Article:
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Increasing the analytical sensitivity by oligonucleotides modified with para- and ortho-twisted intercalating nucleic acids--TINA.

Schneider UV, Géci I, Jøhnk N, Mikkelsen ND, Pedersen EB, Lisby G - PLoS ONE (2011)

Bottom Line: This situation can be improved by addition of DNA stabilizing molecules such as nucleic acid intercalators.Here, we report the synthesis of a novel ortho-Twisted Intercalating Nucleic Acid (TINA) amidite utilizing the phosphoramidite approach, and examine the stabilizing effect of ortho- and para-TINA molecules in antiparallel DNA duplex formation.At 150 mM ionic strength, analytical sensitivity was improved 27-fold by addition of ortho-TINA molecules and 7-fold by addition of para-TINA molecules (versus the unmodified DNA oligonucleotide), with a 4-fold increase retained at 1 M ionic strength.

View Article: PubMed Central - PubMed

Affiliation: QuantiBact Inc, Hvidovre, Denmark. uvs@quantibact.com

ABSTRACT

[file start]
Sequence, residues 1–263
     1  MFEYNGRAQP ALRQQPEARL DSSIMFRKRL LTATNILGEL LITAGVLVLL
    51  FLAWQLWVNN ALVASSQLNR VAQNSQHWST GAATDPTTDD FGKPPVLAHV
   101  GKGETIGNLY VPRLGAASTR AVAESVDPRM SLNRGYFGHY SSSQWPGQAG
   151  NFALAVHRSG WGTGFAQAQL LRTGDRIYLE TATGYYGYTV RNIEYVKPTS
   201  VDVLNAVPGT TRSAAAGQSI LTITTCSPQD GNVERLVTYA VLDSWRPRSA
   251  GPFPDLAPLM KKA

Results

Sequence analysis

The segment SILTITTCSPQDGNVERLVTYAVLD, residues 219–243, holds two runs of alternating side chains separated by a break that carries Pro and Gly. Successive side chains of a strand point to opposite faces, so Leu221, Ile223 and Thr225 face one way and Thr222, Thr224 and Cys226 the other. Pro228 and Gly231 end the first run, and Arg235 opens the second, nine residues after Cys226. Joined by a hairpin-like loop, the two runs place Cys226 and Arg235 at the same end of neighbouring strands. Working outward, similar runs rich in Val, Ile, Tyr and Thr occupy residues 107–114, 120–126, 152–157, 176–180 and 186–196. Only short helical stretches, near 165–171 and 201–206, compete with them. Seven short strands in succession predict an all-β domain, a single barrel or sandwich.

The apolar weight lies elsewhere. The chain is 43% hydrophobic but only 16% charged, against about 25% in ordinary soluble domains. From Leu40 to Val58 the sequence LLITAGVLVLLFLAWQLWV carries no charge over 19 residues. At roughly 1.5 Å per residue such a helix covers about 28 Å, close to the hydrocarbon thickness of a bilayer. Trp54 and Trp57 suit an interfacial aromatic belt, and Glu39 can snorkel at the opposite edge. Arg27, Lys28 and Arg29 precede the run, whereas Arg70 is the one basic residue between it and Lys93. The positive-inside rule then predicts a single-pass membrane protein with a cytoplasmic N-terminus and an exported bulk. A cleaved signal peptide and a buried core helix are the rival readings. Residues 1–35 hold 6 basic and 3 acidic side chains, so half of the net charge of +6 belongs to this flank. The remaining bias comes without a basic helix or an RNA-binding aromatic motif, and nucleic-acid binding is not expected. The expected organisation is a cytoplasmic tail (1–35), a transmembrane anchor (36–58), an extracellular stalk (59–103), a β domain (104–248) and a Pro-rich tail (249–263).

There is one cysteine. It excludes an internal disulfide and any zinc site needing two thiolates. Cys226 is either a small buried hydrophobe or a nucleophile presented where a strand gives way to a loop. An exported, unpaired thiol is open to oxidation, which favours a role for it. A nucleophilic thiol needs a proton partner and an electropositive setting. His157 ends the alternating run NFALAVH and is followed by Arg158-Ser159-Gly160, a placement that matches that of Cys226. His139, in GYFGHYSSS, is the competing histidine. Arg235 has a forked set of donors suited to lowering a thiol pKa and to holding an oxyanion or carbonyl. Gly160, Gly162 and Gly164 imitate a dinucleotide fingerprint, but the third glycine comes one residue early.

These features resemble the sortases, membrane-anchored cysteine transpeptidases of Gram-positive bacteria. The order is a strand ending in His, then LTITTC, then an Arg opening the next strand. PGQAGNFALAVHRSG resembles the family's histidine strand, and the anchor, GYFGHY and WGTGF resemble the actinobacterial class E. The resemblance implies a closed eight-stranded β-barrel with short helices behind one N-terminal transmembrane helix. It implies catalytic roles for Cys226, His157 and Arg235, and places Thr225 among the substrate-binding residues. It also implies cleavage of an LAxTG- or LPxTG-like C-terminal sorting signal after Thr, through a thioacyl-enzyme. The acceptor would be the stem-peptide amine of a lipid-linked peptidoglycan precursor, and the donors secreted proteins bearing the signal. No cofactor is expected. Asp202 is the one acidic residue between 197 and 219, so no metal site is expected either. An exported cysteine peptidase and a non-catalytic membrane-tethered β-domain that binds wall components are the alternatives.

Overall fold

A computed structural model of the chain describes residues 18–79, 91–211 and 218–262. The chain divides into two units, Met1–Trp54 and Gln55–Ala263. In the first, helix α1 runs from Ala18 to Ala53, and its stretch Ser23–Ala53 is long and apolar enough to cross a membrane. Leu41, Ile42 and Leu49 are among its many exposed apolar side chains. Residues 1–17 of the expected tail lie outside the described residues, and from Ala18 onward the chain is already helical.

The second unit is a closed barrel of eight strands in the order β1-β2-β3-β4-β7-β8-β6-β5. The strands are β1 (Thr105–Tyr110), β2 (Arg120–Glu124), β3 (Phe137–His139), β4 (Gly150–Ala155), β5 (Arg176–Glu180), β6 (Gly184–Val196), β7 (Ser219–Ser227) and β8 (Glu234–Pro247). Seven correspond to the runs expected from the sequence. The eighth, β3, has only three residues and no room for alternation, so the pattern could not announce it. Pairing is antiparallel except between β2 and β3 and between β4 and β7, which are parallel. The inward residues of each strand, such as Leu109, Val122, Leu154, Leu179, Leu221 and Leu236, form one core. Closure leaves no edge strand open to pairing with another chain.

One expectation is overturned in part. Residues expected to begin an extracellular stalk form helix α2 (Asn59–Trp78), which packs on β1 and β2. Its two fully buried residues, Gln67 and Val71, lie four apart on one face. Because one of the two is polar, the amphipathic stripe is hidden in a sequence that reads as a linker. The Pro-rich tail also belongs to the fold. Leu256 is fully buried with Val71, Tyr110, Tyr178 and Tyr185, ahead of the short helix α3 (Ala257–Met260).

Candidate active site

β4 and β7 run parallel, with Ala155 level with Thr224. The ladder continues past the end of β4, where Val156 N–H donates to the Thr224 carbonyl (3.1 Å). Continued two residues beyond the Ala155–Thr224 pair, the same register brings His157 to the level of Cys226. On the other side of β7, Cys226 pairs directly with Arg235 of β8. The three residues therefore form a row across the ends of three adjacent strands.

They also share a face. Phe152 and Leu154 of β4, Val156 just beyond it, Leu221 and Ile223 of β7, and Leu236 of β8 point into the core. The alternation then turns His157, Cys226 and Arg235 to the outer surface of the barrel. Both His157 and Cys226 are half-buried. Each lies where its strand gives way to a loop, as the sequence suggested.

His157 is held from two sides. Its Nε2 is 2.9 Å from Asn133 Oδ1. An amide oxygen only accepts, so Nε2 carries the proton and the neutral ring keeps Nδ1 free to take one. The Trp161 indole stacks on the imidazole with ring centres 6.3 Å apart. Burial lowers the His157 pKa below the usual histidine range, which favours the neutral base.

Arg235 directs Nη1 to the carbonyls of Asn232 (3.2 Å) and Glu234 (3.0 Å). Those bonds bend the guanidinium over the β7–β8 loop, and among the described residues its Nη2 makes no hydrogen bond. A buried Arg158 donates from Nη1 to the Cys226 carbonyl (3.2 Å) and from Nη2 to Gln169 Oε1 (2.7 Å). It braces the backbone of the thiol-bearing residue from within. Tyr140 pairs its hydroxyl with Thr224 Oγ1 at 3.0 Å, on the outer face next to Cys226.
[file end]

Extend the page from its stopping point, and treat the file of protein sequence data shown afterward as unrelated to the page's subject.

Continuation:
The sensitivity and specificity of clinical diagnostic assays using DNA hybridization techniques are limited by the dissociation of double-stranded DNA (dsDNA) antiparallel duplex helices. This situation can be improved by addition of DNA stabilizing molecules such as nucleic acid intercalators. Here, we report the synthesis of a novel ortho-Twisted Intercalating Nucleic Acid (TINA) amidite utilizing the phosphoramidite approach, and examine the stabilizing effect of ortho- and para-TINA molecules in antiparallel DNA duplex formation. In a thermal stability assay, ortho- and para-TINA molecules increased the melting point (Tm) of Watson-Crick based antiparallel DNA duplexes. The increase in Tm was greatest when the intercalators were placed at the 5' and 3' termini (preferable) or, if placed internally, for each half or whole helix turn. Terminally positioned TINA molecules improved analytical sensitivity in a DNA hybridization capture assay targeting the Escherichia coli rrs gene. The corresponding sequence from the Pseudomonas aeruginosa rrs gene was used as cross-reactivity control. At 150 mM ionic strength, analytical sensitivity was improved 27-fold by addition of ortho-TINA molecules and 7-fold by addition of para-TINA molecules (versus the unmodified DNA oligonucleotide), with a 4-fold increase retained at 1 M ionic strength. Both intercalators sustained the discrimination of mismatches in the dsDNA (indicated by ΔTm), unless placed directly adjacent to the mismatch--in which case they partly concealed ΔTm (most pronounced for para-TINA molecules). We anticipate that the presented rules for placement of TINA molecules will be broadly applicable in hybridization capture assays and target amplification systems.